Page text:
Janice B Gordon Women in Sales

I would not go so far as to say that women are better sales professionals, but I do think the times have changed to favour the talents that more women naturally possess. This week, 8th March is International Women Day, I thought it a good opportunity to look at whether my assertion has any basis for belief.

Unprecedented revelations have come to light as many accusers line up against Harvey Weinstein, and others, the time it right to keep the pressure on all industries to demonstrate their equality measures and this includes sales.

With Mad Men portraying the historical advertising sales culture, sales have traditionally been male-dominated. The Fenwick & West LLP, 2014 study Gender Diversity in Silicon Valley 150 largest companies, found that women held only 11.7% of the senior sales executive roles. It can seem like a “boy’s clubs” in many industries, making it difficult for women to rise to the next level.

With the World Economic Forum’s 2017 Global Gender Gap Report findings telling us that gender parity is over 200 years away – there has never been a more critical time to keep motivated and #PressforProgress.

According to new research by Morgan McKinley, “financial services has the highest pay gap of all sectors at 29% while sales jobs have the highest pay gap of all disciplines, with males earning 23% more than their female counterparts.”

Three female, former Oracle employees, Rong Jewett, Sophy Wang and Xian Murray, are suing Oracle for “systematically paying them lower wage rates than Oracle pays to male employees performing substantially equal or similar work under similar working conditions.” Clearly, we have a problem!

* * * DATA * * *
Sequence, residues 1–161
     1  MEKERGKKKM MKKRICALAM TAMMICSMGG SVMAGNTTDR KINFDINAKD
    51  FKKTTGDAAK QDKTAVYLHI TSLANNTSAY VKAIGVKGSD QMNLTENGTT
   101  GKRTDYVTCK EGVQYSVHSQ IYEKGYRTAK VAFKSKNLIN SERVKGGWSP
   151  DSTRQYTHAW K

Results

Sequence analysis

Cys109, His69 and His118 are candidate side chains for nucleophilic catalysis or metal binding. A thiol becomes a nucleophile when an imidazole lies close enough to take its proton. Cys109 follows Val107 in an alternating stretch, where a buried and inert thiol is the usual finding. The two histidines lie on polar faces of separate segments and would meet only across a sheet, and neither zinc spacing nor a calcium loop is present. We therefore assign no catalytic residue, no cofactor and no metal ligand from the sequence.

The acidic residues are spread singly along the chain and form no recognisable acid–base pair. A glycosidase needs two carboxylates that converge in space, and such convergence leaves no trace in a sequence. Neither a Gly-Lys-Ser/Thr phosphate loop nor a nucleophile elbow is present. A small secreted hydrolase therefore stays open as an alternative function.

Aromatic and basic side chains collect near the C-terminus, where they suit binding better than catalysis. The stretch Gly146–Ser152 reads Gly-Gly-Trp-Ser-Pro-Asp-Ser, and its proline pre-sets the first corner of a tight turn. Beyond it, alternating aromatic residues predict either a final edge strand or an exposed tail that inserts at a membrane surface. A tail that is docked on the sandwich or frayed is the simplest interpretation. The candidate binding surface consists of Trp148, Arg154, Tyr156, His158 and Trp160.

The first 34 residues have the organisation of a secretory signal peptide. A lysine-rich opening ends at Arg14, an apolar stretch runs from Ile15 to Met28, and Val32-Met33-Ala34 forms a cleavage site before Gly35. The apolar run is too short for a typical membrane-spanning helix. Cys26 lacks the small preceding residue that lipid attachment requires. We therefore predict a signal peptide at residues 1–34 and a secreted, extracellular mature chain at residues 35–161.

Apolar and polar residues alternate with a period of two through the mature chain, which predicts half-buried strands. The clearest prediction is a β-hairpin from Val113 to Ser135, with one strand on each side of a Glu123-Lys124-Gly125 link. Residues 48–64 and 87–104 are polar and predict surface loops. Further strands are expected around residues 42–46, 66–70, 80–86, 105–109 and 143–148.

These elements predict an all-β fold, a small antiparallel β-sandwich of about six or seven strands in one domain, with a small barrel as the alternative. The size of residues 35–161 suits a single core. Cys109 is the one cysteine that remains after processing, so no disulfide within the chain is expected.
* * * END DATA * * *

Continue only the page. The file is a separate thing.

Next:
Why You Must Encourage More Women into Sales!

In Fortune 500 companies, only 1 in 10 women hold P&L jobs; with 62% of women in staff jobs, whereas, 65% of men on executive committees hold line jobs. Line-of-business roles with P&L responsibility tend to be the primary paths to board service and the C-suite, however, most women leaders are in staff-related, non-line functions. A McKinsey study found that sales experience is a must for people seeking line job responsibility.

Getting sales experience and direct quota responsibility is a practical P&L and strategy implementation and execution education when sales performance metrics align with revenue and profits. If you want to grow your sales and revenue you would nurture your pipeline, well it is no different if you wanted to support more women into senior leadership, you need to create a pipeline to pave the way.

There is numerous research to support why diversity in business is good for business, however, is diversity in sales, good for sales?

6 Compelling Reasons Why You Need Female Sales professionals:

  1. Contrary to perceptions, women are good at sales, in fact, HubSpot reports that women are 5% more likely to close a deal than men. Furthermore, Professor Joel Le Bon of the University of Houston’s Bauer College of Business Sales Excellence Institute performed an analysis of his 989 students’ sales performance across 7 years. The results showed 62.5% more female top performers than male and, top female performers outperformed the top male performers by 73.9%.